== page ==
The characteristics of antibody-forming cell (AFC) progenitors lacking previous contact with specific antigen (virgin AFC progenitors) has been studied using sedimentation velocity and buoyant density separation for the investigation of physically distinct B-cell subpopulations. Functional characterization of isolated subsets was made using a quantitative adoptive immune assay for the IgM AFC progenitors responding to the antigen 4-hydroxy-3-iodo-5-nitrophenylacetic acid conjugated polymerized bacterial flagellin. Extensive heterogeneity is present among B lymphocytes, only some subpopulations of which exhibit AFC progenitor function. In the spleen of adult conventional CBA mice, atypically fast sedimenting cells of low buoyant density are active, while typical small B lymphocytes do not appear to be progenitors of IgM AFC. Spleen of adult specific pathogen-free (SPF), germfree, and athymic nude mice give similar results, although a minor population of typical slowly sedimenting dense cells are active in the latter two sources. Adult conventional bone marrow cells are as physically and functionally heterogeneous as splenic B cells, and although a significant proportion of AFC progenitor activity is found among dense, slowly sedimenting cells, most of the activity is among low density, faster sedimenting cells. In contrast to this situation in adult animals, where most of the unprimed AFC progenitors are large, atypical B cells, the spleens of neonatal mice provide a site where virgin AFC progenitors with the physical properties of typical small B lymphocytes are found. While being present in conventional and SPF neonatal spleens, these virgin cells are predominant in 7-day-old germfree mouse spleen. These findings suggest that the newborn virgin B cell is a typical small lymphocyte. However, few cells of this type are found in the adult animal. The unprimed AFC-progenitor population in the adult consists of large, fast sedimenting, low buoyant density, adherent cells, the physical properties of which are characteristic of activated B lymphocytes. It is suggested that these atypical cells are derived from the small newborn virgin B cell by the nonspecific effects of environmental antigenic stimuli.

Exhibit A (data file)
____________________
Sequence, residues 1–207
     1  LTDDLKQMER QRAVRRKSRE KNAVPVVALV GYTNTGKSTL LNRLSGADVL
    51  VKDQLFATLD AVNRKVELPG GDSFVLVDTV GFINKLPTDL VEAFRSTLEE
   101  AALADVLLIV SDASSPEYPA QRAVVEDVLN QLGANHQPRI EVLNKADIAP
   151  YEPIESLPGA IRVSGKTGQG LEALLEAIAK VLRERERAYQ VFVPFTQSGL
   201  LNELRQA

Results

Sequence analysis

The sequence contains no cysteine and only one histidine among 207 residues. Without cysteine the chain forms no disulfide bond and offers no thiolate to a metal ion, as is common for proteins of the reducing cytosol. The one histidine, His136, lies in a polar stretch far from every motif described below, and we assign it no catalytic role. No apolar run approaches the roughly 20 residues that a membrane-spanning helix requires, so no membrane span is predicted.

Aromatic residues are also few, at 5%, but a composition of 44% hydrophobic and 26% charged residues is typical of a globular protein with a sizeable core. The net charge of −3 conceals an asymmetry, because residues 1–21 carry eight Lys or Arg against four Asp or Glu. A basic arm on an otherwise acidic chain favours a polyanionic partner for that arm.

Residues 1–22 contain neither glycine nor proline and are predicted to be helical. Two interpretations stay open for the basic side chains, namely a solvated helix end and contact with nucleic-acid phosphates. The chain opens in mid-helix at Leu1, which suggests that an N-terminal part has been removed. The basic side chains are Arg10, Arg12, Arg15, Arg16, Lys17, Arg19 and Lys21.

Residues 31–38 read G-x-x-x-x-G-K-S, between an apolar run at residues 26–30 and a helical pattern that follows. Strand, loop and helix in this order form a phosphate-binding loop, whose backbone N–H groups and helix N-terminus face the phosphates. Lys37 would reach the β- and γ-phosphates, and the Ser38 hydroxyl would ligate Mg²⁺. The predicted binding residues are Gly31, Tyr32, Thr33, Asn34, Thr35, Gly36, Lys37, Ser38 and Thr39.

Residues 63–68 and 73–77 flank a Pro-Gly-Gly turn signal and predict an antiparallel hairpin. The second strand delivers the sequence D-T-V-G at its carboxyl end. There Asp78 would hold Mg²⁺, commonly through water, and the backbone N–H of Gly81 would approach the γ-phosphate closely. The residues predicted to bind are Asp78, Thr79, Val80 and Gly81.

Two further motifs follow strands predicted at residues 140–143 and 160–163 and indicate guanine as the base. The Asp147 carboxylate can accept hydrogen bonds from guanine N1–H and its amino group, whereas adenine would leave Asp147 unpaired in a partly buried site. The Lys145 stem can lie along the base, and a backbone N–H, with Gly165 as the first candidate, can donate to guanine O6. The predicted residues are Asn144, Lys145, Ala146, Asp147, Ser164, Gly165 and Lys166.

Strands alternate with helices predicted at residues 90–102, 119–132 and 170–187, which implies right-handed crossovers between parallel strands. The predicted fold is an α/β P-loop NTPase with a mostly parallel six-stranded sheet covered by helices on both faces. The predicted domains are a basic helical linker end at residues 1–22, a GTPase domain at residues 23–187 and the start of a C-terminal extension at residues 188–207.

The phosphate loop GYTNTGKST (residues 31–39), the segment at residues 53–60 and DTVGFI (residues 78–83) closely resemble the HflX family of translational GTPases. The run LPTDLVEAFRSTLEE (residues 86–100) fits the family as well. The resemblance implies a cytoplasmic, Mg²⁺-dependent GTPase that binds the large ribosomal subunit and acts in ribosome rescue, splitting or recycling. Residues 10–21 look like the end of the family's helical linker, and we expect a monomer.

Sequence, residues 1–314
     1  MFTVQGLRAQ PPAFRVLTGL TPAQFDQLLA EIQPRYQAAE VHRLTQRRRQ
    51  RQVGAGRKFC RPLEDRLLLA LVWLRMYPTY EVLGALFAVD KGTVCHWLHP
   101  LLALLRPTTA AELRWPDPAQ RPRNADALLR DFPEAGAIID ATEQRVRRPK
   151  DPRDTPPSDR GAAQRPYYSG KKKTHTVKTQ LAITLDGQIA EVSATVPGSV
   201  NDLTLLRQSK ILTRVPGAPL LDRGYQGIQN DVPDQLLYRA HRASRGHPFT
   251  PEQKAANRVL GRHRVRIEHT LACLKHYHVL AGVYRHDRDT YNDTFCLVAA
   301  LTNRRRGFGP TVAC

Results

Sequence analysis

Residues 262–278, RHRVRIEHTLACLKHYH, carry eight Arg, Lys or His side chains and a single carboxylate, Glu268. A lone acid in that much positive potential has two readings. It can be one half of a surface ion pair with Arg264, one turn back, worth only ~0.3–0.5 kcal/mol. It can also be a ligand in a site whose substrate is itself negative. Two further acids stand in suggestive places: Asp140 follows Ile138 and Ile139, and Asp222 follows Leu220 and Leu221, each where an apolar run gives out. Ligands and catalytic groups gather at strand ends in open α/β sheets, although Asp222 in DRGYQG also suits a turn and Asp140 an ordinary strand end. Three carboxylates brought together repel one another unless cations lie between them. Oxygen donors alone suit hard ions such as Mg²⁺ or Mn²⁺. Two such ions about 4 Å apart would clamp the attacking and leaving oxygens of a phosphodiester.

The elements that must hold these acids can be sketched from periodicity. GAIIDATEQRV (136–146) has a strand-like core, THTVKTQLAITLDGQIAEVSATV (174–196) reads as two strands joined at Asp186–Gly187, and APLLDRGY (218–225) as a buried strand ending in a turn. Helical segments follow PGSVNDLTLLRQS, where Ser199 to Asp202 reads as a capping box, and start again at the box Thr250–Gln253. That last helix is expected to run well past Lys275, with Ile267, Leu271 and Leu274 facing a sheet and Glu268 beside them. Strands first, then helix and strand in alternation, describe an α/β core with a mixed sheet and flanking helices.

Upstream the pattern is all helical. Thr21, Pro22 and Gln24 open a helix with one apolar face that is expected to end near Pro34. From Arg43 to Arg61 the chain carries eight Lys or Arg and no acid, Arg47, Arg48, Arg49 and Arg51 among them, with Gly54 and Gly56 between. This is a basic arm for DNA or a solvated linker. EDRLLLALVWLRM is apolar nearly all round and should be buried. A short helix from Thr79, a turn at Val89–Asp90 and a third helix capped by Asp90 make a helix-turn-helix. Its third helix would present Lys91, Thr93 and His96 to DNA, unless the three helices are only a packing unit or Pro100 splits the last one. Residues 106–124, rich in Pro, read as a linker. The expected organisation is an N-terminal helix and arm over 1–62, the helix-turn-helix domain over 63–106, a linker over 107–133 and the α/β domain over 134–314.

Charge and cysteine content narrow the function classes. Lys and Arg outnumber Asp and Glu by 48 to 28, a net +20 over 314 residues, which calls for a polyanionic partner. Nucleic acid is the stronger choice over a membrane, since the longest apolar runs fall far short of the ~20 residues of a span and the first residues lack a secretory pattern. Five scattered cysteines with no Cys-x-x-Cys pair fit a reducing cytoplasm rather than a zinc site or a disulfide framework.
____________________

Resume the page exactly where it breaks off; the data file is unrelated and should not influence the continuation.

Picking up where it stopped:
This content is only available as a PDF.